This Is The Only Gluten-Free Flour Blend I’ll Buy

Photograph by Isa Zapata, Food Styling by Sean Dooley

I’m not gluten intolerant but I am *checks personality quiz* type A. Which means, when I started developing gluten-free recipes for our March issue, I may or may not have gone off the deep end. So many outcomes, so little time.

There is considerable variability in ingredients when it comes to gluten-free baking. This is fascinating or frustrating, depending on who you ask, but for today, let’s go with fascinating. Here’s why:

With wheat flour, you can switch between brands and conceivably have comparable results. (You could make these cinnamon rolls with one brand of all-purpose flour, I could make them with another, and we’d both sell out at the bake sale.) But with gluten-free baking, something labeled “all-purpose” is not as consistent across brands. Blends often vary in their ratios of rice flour (the typical base) to starches, and they have different grind sizes, dramatically altering the results. This became evident when I set out to develop a gluten-free focaccia, strewn with red onions and crisp as a potato chip on the bottom.

One option with gluten-free baking is skipping a store-bought blend altogether. For example, in this gluten-free oat cookie recipe, you just need old-fashioned oats (to turn into homemade oat flour) and a smidge of xanthan gum. In many situations, though, a gluten-free blend is invaluable, allowing you to recreate classic baked goods in a swift and seamless way, without having to buy a lot of different flours. Such is the case with gluten-free bread.

My experiment involved three nationally available gluten-free flour mixes: Cup4Cup Multipurpose Flour, Bob’s Red Mill 1-to-1 Baking Flour, and King Arthur Baking Company Measure for Measure Flour. The recipe was identical as were the rest of the ingredients. When the three loaves came out of the oven, the difference was noticeable.

In fact, it was so noticeable that tasters mistakenly assumed that the Cup4Cup focaccia was a sneaky control made with regular flour. Focaccia made with Cup4Cup gluten-free flour blend was puffy, golden, soft, chewy—all the hallmarks of great bread. The rest were dense, gummy, or simultaneously dry and soggy (no, I can’t explain it). Test after test corroborated this truth: Cup4Cup consistently outperformed the other GF flours.

Cup4Cup Multipurpose Flour (3 Pounds)

$17.00, Amazon

This brand has been around for awhile. In the late-aughts, at the restaurant French Laundry, in Yountville, California, Lena Kwak was tasked with finding a gluten-free alternative to the restaurant's iconic salmon cornets—small, crunchy wafer cones filled with salmon tartare to signal the beginning of the meal. What followed, according to Kwak, was 18 months of trial and error. The result was Cup4Cup, meticulously tested and endorsed by Thomas Keller, influential chef and owner of French Laundry and stickler for scissor-cut masking tape (where do you think The Bear got the idea from?). It went on to become one of the first commercially successful gluten-free flour blends.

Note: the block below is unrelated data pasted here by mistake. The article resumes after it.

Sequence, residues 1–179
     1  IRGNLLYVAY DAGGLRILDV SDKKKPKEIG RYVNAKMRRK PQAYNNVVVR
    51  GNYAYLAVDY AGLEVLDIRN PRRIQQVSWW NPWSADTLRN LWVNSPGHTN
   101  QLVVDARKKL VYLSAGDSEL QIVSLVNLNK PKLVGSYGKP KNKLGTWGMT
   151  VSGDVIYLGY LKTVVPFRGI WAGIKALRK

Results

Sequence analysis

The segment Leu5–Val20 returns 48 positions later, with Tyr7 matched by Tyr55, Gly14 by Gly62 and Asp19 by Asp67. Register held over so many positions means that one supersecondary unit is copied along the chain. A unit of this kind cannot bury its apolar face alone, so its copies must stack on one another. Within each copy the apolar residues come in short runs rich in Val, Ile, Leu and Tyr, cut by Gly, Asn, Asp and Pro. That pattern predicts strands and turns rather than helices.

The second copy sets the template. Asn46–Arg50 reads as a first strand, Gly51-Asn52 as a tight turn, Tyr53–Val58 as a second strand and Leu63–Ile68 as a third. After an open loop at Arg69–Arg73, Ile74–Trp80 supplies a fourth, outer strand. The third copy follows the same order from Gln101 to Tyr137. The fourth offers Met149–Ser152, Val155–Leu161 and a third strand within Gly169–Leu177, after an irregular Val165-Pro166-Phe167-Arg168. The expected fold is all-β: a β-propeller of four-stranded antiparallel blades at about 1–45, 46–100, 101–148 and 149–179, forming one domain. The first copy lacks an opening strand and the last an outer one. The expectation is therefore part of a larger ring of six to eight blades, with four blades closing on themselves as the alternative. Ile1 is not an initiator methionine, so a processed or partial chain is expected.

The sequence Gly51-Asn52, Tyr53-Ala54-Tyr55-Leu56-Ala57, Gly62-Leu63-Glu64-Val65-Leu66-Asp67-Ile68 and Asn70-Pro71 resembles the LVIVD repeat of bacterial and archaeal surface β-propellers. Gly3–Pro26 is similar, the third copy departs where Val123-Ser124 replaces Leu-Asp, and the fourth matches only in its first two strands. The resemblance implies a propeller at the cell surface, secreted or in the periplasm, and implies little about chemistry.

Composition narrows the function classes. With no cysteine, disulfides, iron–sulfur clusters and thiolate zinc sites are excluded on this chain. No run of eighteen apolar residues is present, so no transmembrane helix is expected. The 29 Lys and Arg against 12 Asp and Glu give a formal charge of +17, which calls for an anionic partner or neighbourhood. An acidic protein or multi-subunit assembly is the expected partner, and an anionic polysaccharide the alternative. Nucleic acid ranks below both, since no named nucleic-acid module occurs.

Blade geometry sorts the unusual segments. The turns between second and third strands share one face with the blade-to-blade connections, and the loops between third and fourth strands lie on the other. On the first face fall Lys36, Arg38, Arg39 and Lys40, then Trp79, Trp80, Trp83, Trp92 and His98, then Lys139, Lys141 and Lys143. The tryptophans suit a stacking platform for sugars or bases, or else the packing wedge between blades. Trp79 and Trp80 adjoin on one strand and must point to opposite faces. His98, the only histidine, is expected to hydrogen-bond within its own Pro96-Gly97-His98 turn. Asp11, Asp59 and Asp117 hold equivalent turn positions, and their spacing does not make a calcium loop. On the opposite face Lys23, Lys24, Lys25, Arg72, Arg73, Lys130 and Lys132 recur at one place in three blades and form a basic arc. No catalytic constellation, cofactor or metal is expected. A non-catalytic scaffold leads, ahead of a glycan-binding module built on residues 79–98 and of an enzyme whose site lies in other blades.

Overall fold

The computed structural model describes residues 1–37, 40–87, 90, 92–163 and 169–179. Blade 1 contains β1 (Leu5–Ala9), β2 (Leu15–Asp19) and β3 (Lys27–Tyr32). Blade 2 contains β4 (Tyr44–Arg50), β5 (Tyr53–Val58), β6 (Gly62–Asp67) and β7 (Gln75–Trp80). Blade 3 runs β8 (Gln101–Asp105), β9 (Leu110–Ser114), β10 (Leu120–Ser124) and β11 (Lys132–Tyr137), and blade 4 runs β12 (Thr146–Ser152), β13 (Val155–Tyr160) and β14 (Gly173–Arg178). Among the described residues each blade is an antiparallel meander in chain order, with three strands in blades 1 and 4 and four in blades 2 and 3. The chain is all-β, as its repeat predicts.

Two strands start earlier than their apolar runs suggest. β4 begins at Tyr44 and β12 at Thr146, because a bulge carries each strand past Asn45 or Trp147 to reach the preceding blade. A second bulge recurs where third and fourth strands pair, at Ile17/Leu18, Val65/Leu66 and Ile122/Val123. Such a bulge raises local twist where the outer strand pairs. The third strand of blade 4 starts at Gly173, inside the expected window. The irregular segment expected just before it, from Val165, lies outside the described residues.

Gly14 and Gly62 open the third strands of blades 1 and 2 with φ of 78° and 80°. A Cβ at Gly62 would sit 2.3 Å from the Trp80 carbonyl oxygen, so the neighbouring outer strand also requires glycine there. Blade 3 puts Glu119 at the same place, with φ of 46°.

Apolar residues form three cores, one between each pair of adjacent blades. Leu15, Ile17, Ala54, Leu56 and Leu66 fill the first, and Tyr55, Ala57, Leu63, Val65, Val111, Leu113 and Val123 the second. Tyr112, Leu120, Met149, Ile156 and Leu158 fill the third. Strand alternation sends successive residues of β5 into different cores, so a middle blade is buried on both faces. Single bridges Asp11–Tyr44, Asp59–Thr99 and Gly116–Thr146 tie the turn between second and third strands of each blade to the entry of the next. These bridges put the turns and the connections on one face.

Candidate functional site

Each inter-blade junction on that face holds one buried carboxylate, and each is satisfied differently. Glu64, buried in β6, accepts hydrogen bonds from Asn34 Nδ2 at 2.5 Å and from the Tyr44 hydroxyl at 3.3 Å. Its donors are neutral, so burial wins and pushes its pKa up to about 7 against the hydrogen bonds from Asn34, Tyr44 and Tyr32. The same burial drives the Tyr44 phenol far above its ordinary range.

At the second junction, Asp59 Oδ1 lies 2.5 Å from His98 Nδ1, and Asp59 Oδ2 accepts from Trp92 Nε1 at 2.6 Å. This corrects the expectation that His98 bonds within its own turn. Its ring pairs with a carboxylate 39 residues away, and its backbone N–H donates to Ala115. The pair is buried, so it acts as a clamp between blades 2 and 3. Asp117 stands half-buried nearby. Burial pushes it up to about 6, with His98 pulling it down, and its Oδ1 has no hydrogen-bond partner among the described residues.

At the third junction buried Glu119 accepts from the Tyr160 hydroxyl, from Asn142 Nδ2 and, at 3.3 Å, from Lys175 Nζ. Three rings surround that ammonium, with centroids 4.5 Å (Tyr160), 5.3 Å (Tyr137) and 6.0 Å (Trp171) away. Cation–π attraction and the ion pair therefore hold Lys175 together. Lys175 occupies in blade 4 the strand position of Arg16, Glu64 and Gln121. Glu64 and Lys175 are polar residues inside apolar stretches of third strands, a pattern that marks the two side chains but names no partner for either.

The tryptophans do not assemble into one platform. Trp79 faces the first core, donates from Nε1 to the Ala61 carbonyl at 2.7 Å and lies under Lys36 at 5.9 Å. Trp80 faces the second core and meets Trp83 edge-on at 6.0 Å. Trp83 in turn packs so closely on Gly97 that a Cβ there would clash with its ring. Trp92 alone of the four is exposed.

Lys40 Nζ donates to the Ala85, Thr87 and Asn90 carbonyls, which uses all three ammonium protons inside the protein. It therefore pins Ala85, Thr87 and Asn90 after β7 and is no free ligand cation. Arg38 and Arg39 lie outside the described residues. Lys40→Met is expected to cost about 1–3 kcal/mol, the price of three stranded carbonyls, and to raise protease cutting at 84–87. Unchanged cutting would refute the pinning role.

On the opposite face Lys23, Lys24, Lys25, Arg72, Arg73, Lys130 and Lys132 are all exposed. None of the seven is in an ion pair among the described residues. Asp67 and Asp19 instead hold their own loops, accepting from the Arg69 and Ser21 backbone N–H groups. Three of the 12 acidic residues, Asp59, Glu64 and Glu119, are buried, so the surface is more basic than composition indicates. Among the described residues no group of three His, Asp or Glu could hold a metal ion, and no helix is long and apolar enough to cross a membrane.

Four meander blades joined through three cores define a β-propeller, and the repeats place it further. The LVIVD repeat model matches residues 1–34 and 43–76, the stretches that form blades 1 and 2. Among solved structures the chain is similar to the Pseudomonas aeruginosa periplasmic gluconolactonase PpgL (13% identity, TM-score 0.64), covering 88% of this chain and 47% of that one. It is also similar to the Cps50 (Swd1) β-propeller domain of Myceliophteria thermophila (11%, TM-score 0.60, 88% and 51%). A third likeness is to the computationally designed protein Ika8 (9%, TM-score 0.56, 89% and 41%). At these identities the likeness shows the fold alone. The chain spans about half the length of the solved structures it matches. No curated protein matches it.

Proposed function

Why does Cup4Cup work so well? An ingredient breakdown provides answers:

Milk Powder: Milk powder is the standout ingredient that sets it apart from the rest. Milk proteins improve the stability and structure of gluten-free baked goods while the sugars caramelize in the heat of the oven, resulting in golden brown breads and cakes with nuanced, toasted flavor.

Starches: The blend contains three kinds of starch (cornstarch, tapioca starch and potato starch) each with its own unique abilities to bind and thicken. These work together to make your baked goods tender and voluminous. Starches also lock in moisture, preventing your treats from going stale too fast.

Rice flour(s): A combination of brown rice flour and white rice flour, with their ideal balance of protein and starch, provide bulk and mildly sweet, neutral flavor. The rice flours are finely ground so they absorb liquid quickly and evenly.

Xanthan gum: Critical in gluten-free baking, xanthan gum holds ingredients together, providing elasticity and springiness. Like baking soda or baking powder, you need only a little to make a big difference.

Of course, the ratio of these ingredients is also enormously important. And while I don’t have access to such proprietary information—wouldn’t that be fun if I did?—I do have the experience of making hundreds of gluten-free baked goods in a week. I tested and retested baking recipes so many times that we had to go to a whole different floor in the office to hand out treats because everyone in the test kitchen had absolutely had it. The one constant through it all? Everyone’s favorite gluten-free treats were made with Cup4Cup.

Gluten-Free Focaccia With Rosemary and Onion

Shilpa Uskokovic

Originally Appeared on Bon Appétit

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